You can purchase software that covers the fundamental layers of cybersecurity cheaply, but implementation and monitoring requires professional expertise. Additionally, technical expertise is necessary to provide insurance companies evidence that your layers of cyber security are effective.

Avoid State-Sponsored Hacking Targets

If you have IT professionals on your team, you should ask them if they’ve used tools covering those areas in the past. Some IT Companies with a cyber security practice, like TechNoir, offer complimentary audits that will help you determine if your company’s cyber security hygiene is properly managed.

While any security is better than none, even some cybersecurity vendors have been subject to major hacking incidents in 2020/2021. That means that setting up a tool and letting it run without proactive management is not an option. Microsoft, Solarwinds, Fireeye, and Mimecast are all major names in the IT security space whose platforms were compromised in some way.

A hacked vendor is particularly dangerous because hackers gain the ability to hack any of their customers. Imagine the president of a country is somehow swapped with an exact look alike with bad intentions, and then that imposter begins giving out catastrophic orders and passing bad information along.

The only way to mitigate this risk is to keep close eyes on your system and have redundant layers of security if one vendor falls victim to a major attack. Hacked vendors carry an inherently larger risk, which can translate to worse premiums.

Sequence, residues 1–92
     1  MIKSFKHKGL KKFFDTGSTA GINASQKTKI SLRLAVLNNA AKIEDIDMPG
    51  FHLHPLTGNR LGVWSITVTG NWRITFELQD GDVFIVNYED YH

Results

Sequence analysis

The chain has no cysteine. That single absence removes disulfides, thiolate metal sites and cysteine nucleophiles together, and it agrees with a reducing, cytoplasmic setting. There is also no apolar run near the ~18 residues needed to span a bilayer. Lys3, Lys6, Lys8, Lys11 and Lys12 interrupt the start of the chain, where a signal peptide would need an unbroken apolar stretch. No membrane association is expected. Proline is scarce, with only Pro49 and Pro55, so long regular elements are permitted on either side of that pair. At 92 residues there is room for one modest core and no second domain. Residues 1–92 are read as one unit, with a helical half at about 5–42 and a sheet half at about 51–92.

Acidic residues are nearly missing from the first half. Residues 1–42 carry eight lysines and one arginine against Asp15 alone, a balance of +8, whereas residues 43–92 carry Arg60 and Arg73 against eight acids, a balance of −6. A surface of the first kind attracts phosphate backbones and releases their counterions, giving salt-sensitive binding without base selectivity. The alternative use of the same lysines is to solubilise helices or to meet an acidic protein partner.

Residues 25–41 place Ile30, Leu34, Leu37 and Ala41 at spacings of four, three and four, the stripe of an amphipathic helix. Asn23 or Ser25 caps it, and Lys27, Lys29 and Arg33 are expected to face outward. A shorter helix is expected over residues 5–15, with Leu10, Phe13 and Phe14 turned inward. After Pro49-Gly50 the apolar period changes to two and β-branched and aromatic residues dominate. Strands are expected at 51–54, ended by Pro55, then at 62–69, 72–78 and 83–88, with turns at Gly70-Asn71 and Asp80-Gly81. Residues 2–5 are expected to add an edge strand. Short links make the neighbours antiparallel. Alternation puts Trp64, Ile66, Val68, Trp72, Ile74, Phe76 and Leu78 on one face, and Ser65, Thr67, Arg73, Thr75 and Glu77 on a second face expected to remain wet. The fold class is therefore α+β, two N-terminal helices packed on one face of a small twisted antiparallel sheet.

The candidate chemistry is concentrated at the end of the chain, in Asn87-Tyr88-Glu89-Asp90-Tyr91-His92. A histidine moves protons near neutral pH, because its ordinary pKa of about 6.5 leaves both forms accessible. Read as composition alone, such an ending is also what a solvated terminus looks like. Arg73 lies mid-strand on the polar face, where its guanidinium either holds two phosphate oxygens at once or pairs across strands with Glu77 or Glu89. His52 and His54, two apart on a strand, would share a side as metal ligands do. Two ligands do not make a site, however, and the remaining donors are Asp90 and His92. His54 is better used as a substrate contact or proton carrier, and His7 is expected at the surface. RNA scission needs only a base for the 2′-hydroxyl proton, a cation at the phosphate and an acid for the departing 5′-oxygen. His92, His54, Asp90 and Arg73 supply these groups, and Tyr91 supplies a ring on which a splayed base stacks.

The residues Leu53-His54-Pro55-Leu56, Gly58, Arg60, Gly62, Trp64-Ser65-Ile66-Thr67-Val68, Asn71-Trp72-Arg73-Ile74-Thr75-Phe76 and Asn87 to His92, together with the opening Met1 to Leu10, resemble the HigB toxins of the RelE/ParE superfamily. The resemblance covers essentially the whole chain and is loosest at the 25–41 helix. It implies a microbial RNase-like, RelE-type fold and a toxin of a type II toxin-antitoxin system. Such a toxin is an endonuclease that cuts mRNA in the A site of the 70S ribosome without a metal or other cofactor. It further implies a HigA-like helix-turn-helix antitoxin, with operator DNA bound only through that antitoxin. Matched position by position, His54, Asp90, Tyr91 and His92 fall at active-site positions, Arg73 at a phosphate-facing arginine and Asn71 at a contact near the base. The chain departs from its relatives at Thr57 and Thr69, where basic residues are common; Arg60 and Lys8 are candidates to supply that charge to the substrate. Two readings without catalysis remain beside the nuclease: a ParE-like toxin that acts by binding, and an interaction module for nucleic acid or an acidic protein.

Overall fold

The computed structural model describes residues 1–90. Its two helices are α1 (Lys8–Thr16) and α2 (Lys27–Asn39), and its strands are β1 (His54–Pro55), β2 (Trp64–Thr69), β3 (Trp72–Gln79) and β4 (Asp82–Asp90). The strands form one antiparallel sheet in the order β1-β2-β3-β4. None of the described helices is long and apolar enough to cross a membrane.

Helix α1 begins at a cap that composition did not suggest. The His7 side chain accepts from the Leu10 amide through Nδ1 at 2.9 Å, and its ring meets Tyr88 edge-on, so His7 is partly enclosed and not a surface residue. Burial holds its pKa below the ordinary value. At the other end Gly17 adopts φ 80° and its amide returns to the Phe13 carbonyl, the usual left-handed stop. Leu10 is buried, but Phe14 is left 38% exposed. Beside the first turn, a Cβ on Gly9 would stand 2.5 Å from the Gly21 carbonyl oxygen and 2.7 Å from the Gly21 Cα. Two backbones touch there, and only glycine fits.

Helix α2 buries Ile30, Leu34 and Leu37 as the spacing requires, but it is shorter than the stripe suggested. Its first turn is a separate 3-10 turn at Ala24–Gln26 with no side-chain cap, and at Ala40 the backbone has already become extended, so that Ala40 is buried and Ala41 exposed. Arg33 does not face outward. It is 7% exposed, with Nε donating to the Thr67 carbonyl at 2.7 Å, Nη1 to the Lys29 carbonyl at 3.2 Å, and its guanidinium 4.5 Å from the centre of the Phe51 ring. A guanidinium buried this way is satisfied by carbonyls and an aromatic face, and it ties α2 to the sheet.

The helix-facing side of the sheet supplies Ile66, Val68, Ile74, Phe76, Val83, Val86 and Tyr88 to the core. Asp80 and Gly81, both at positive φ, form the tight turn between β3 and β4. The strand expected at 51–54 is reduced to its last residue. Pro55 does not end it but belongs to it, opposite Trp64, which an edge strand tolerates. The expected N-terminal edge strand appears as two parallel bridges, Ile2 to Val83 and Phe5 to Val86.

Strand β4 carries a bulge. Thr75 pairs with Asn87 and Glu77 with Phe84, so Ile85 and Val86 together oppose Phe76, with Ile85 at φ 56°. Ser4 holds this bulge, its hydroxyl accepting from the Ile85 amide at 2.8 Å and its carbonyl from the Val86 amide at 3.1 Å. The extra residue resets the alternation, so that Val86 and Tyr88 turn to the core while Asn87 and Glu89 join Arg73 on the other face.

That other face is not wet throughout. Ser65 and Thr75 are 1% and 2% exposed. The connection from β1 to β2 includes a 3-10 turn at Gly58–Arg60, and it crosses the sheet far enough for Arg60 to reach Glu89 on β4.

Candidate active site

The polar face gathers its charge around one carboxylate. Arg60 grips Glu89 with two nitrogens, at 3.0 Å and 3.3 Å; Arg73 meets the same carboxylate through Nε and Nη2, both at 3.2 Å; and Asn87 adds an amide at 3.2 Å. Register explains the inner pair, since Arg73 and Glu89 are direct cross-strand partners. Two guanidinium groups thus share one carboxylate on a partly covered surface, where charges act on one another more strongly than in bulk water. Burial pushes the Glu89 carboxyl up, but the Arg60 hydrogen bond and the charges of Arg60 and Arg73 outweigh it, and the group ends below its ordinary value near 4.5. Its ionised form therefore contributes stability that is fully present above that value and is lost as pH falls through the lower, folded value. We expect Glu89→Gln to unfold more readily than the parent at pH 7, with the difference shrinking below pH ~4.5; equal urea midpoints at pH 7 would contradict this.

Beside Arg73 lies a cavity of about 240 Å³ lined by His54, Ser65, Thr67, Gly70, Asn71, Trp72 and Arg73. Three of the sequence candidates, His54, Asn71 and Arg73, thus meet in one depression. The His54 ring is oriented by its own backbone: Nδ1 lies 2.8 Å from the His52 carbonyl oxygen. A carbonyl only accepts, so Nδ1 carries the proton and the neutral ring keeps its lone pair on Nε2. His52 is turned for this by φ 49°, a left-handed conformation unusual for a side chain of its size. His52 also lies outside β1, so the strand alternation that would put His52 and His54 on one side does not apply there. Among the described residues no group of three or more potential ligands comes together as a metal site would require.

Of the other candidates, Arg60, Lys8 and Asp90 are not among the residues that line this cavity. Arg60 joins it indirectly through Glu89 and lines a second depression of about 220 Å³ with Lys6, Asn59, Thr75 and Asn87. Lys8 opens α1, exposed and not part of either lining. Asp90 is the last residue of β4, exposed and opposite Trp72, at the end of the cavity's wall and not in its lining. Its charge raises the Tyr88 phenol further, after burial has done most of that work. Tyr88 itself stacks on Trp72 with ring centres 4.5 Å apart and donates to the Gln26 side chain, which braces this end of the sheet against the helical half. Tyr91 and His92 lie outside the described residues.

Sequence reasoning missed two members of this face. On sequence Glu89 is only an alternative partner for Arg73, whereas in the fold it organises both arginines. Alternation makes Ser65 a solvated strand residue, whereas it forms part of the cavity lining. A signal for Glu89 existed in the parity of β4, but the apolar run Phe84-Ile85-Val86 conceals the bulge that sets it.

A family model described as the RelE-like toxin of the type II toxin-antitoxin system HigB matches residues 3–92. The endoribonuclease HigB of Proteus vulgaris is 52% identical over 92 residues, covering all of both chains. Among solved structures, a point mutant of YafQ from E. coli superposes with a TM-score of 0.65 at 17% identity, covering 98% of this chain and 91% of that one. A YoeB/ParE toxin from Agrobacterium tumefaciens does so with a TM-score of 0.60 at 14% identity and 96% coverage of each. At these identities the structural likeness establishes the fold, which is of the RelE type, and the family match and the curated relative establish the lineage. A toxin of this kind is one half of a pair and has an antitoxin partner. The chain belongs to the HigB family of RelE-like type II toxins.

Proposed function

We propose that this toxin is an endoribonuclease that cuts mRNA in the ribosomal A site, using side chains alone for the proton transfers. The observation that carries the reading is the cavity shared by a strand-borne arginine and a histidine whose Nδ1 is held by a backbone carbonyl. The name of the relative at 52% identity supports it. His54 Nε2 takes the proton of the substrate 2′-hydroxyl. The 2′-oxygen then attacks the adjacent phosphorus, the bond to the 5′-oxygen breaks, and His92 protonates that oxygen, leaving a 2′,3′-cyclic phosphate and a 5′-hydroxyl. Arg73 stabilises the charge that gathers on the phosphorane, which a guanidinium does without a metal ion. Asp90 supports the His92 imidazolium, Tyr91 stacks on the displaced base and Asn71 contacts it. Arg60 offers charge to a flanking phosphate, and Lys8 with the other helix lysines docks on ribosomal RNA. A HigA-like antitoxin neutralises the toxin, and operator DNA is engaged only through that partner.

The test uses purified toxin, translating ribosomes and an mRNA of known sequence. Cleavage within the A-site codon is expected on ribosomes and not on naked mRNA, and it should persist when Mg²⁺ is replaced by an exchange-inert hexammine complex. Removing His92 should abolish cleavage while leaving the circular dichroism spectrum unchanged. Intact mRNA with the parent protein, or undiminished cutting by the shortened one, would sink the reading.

Insure Yourself Before Rates Increase

The purpose of this information is to ensure your company is able to get affordable cyber insurance early by implementing a simple cyber security management system. As insurers grow their understanding of business cyber security (or lack thereof), they’re poised to grow their warriness in awarding coverage at the historically low rates we saw last year.

Per Gallagher’s 2020/2021 report, “Ultimately, we are projecting rate increases in the range of 15% to 50% for cyber insurance buyers… We will see a wider underwriting lens that will expand to an increasing use of loss modeling tools and continual system scanning, utilizing both in-house and outsourced IT security resources as they evaluate prospective insureds,”

The best thing you can do for your company is arm yourself with a dedicated cyber security management company to take care of this for you. Within the cyber space, most attacks are already caused by internal employee mistakes, like clicking a shady email.

A cyber security vendor will analyze your current practices, and provide you with information that is presentable to insurers. With rates poised to skyrocket, the costs of implementing cyber security will likely be tremendously offset compared to insurance premiums – not to mention negative externalities like a diminished brand image resulting from a successful attack.